The United States Census Bureau’s release of poverty data offers further proof that we must provide a high quality education for every student, regardless of race, wealth, or zip code.

The numbers are stark: According to the Census Bureau, 15 percent of Americans, or one in seven, live below the poverty line, including about 16.1 million children. When looking at racial breakdown, the bureau found that Black and Latino families survive at the lowest median income level.

Those numbers are not new. As the bureau explained, “This marked the second consecutive year that neither the official poverty rate nor the number of people in poverty were statistically different from the previous year's estimates.”

Connecticut has a persistent, worst-in-the-nation achievement gap. According to data released by Connecticut’s State Department of Education, only 32.7 percent of the state’s Black 3rd grade students were reading at or above “goal,” compared to 69.4 percent of the state’s white 3rd graders. Among third grade students from low-income families, 32.4 percent, were reading at or above “goal,” compared to 71.5 percent of those who did not qualify.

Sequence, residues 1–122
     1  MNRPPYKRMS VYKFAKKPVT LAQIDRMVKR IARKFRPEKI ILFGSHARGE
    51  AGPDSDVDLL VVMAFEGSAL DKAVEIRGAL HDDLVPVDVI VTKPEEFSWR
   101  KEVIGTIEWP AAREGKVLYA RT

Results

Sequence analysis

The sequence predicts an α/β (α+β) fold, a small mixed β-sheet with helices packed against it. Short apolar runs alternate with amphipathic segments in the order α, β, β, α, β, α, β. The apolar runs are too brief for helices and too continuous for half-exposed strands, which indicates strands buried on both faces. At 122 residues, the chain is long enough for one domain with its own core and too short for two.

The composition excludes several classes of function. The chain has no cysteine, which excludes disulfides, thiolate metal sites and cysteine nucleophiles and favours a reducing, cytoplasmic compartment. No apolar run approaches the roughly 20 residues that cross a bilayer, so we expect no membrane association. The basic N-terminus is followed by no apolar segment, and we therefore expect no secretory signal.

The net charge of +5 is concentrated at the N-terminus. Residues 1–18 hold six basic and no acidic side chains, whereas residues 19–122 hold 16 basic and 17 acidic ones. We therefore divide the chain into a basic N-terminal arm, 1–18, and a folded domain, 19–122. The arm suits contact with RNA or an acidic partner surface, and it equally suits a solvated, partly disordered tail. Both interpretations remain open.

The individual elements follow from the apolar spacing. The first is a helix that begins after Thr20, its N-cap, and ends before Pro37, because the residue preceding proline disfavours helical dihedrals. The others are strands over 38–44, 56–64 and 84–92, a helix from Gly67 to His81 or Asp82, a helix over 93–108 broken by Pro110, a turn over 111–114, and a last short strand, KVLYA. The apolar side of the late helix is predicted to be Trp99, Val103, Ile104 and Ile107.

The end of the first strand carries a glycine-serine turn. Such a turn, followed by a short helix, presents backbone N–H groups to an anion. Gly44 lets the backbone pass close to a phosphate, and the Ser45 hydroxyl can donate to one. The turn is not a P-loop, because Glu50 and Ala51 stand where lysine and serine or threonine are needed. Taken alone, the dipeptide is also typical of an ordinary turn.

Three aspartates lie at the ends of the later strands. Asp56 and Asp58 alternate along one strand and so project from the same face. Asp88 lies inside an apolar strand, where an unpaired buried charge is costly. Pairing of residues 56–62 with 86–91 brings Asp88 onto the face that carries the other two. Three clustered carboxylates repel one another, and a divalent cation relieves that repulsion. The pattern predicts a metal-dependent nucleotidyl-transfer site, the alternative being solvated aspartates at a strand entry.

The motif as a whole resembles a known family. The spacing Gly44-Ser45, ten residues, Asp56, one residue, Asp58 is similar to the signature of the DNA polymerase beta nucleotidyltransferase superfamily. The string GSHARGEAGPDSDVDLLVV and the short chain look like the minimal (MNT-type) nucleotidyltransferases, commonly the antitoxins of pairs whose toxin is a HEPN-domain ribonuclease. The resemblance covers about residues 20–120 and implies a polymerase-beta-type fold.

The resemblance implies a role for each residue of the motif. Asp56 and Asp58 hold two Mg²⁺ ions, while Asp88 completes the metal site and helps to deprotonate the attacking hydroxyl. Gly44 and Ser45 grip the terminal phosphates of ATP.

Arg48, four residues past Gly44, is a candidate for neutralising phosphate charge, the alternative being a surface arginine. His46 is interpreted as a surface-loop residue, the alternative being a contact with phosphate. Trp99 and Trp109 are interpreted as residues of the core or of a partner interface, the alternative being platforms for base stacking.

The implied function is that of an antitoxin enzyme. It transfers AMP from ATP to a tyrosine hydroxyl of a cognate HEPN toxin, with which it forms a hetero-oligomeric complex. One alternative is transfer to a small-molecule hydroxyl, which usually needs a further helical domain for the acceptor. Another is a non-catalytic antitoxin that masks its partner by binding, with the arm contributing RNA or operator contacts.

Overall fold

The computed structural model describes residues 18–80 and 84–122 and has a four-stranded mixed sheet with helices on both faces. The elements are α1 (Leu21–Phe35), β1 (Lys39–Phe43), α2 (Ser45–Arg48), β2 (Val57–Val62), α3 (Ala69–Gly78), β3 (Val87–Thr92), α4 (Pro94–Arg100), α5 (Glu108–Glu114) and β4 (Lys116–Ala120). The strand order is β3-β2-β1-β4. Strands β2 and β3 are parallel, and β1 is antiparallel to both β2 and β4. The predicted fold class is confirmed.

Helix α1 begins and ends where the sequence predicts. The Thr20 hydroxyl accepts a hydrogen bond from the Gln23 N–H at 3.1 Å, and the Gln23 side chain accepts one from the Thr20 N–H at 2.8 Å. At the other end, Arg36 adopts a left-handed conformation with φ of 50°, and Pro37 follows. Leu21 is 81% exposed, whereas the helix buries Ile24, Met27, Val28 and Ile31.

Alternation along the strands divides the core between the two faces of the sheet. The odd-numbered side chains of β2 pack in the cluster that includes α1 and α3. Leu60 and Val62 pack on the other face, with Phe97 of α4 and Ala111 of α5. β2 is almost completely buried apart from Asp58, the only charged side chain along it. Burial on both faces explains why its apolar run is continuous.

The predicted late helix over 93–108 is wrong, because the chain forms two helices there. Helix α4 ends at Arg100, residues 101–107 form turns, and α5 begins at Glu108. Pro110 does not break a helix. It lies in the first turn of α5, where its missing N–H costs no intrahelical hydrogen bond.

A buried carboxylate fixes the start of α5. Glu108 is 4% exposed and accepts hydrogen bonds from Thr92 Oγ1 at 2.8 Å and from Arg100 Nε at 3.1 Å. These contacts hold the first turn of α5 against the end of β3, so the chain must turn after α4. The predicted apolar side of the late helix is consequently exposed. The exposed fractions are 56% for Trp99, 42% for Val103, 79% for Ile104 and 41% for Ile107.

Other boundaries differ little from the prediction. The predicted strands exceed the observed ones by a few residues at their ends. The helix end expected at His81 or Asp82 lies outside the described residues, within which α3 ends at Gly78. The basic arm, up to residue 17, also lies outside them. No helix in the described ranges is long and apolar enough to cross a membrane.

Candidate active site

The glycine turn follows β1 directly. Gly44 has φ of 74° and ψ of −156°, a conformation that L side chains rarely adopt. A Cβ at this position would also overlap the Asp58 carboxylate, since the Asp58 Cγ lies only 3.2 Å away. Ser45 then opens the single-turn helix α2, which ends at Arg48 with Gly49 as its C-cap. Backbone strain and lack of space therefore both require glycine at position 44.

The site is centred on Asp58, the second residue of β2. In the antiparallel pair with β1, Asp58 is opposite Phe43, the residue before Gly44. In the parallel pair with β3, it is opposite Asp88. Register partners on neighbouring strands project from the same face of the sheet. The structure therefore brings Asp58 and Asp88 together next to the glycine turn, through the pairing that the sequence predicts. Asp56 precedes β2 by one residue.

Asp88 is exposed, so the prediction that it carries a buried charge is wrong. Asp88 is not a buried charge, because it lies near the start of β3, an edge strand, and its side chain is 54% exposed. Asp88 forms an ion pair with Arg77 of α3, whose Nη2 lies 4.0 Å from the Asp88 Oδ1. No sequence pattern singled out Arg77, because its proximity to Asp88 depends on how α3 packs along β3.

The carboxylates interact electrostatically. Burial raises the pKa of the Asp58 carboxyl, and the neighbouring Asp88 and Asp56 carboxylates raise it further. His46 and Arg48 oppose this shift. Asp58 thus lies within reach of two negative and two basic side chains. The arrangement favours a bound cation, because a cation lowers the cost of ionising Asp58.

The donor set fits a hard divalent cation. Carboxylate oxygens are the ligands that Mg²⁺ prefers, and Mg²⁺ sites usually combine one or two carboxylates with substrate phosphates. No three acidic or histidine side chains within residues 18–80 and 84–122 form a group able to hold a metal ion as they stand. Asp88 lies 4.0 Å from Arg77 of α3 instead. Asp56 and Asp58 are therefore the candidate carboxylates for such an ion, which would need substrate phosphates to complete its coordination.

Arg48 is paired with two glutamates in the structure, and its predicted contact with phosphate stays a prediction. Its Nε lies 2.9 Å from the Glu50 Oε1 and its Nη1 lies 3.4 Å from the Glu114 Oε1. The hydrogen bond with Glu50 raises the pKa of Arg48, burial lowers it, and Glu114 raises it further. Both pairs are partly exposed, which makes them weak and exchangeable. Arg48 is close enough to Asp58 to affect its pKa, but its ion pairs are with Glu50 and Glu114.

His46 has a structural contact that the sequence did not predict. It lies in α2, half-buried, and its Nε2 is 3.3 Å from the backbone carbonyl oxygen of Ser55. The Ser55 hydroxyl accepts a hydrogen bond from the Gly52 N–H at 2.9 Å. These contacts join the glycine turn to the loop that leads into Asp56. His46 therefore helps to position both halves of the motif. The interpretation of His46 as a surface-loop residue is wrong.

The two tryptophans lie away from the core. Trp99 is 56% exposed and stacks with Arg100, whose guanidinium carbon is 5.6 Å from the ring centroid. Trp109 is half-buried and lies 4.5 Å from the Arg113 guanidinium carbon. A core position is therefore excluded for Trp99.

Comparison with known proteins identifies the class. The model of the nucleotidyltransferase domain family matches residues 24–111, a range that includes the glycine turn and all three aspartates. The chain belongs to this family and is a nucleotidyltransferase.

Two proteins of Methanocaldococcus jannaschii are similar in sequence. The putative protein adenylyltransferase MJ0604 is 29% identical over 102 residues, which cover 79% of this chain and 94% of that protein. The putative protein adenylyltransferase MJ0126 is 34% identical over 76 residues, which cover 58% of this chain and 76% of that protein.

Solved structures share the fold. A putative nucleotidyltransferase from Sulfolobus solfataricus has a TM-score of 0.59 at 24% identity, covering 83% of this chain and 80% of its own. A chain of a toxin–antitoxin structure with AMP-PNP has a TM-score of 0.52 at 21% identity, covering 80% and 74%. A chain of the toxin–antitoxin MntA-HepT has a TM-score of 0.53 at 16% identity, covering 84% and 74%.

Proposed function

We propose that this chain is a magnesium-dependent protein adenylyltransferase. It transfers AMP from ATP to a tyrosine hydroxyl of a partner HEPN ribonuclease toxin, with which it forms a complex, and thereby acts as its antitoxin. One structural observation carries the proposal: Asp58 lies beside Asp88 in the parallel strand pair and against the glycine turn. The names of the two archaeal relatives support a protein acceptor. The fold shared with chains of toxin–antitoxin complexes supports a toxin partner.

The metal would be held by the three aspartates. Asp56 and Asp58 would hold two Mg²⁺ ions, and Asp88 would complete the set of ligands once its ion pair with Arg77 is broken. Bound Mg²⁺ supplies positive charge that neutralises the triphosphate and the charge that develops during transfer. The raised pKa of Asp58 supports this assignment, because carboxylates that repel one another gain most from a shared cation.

The good news is, there is a way out. A good education is key to ending the cycle of poverty, and while Connecticut and other states have made some progress in providing high quality public education options, turning around our lowest performing schools, and supporting teachers and principals while holding them accountable for results, there is still much work to be done.

Connecticut must protect and expand this progress if we hope to provide a good education for every child, regardless of wealth, race, or zip code.

Monday, September 23, 2013

A progress report on education reform

Our state leaders must continue progress to ensure great teachers, principals and public schools for every child. Below is ConnCAN's September progress report on education reform in Connecticut.

Friday, September 6, 2013

Waterbury welcomes Connecticut’s newest charter school

Brass City Charter School, Connecticut’s first new charter school in five years, opened this week in Waterbury.

“Our goal is to provide some of Waterbury’s most underserved children with a high-quality education and a strong social and emotional learning program. Brass City will enable students to soar academically and develop as people of character, leading meaningful and productive lives both for themselves and for their community,” Principal and Executive Director Jocelyn Ruggiero said in a release. “This is an exciting day for us, and it is an exciting day for our students as they begin a new chapter in their academic lives.”